WA urged to extend first-home owner grant to established homes

By Gerv Tacadena

An increasing number of first-home owners in Western Australia are missing out on an opportunity to receive financial help from the government by buying established properties.

An increasing number of first-home owners in Western Australia are missing out on an opportunity to receive financial help from the government by buying established properties.

Real Estate Institute of Western Australia (REIWA) president Damian Collins said the state’s first-home owner grant is not enough to cater to the growing number of first-home buyers choosing to get an established home as their first property.

"It’s not fair that so many first-home buyers are missing out on the grant, simply because they don’t want to build a new home. Or even worse, it means some first-home buyers who want an established property are unable to enter the market," he said.

In fact, REIWA's analysis shows that the number of first-home buyers opting to buy an established home increased by 20% during the last quarter of 2018.

With this in mind, Collins said that the grant should be revised to include first-home buyers who want to purchase an established residential dwelling.

"Increasing the demand for established housing will have a knock-on effect to other areas of the market. This would allow more Western Australian households to right-size into accommodation that suits their changing needs, resulting in more transfer duty revenue for the state," he said.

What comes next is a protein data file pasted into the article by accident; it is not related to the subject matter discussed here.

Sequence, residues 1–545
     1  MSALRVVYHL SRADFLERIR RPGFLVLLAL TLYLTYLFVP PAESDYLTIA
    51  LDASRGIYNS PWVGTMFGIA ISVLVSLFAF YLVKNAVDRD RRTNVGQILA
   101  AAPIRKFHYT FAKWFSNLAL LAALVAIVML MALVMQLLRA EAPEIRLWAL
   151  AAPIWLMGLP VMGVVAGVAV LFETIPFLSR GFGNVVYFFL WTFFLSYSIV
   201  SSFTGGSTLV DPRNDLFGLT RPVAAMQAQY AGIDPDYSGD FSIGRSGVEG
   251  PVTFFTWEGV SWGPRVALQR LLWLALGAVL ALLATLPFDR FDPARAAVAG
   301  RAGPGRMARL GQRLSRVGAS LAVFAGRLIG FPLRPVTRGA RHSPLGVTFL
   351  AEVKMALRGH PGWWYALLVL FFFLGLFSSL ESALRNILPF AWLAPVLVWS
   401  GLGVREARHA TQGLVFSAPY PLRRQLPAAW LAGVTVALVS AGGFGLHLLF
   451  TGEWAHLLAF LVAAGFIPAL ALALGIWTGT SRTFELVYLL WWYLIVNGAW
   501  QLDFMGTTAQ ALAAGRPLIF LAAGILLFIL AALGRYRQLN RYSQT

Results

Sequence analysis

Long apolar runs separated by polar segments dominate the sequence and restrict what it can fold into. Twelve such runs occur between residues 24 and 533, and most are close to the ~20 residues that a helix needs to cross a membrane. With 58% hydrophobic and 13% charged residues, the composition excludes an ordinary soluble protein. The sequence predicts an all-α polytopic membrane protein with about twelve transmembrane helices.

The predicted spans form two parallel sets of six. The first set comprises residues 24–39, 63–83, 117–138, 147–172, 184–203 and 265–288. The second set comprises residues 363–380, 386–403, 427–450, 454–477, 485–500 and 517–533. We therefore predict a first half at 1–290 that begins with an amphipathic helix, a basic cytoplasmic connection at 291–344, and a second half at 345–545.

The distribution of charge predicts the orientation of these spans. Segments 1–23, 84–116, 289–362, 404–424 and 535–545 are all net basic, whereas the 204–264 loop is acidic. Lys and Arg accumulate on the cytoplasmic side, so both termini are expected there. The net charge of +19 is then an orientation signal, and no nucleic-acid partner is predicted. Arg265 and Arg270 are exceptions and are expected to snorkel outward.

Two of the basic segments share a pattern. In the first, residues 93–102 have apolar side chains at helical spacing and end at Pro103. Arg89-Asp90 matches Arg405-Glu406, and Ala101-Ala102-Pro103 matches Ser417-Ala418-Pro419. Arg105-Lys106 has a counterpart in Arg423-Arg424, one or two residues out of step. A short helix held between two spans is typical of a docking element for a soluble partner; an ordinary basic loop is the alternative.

In a Williams Media report, Realmark Coastal sales associate Paul DiLanzo said restricting the grant to newly-built properties has "skewed" the market, resulting in many established properties losing their values as new-home market became “artificially inflated”.

"This is because many first-home buyers and investors that had previously purchased new or established properties prior to the change are now in negative equity because the market was forced to skew downwards. Buyers abandoned that segment of the market in favour of new," he said.

Realmark Coastal managing director Sean Hughes said the grant loses its essence if it does not cater to all first-home buyers.

"It simply should be what it states — a 'first-home buyers grant' for any first-home buyer, regardless of what they buy under the cap," he told Williams Media.

By introducing a grant that would cater to all purchases made by first-home buyers, Hughes said the government will be able to balance the market again.

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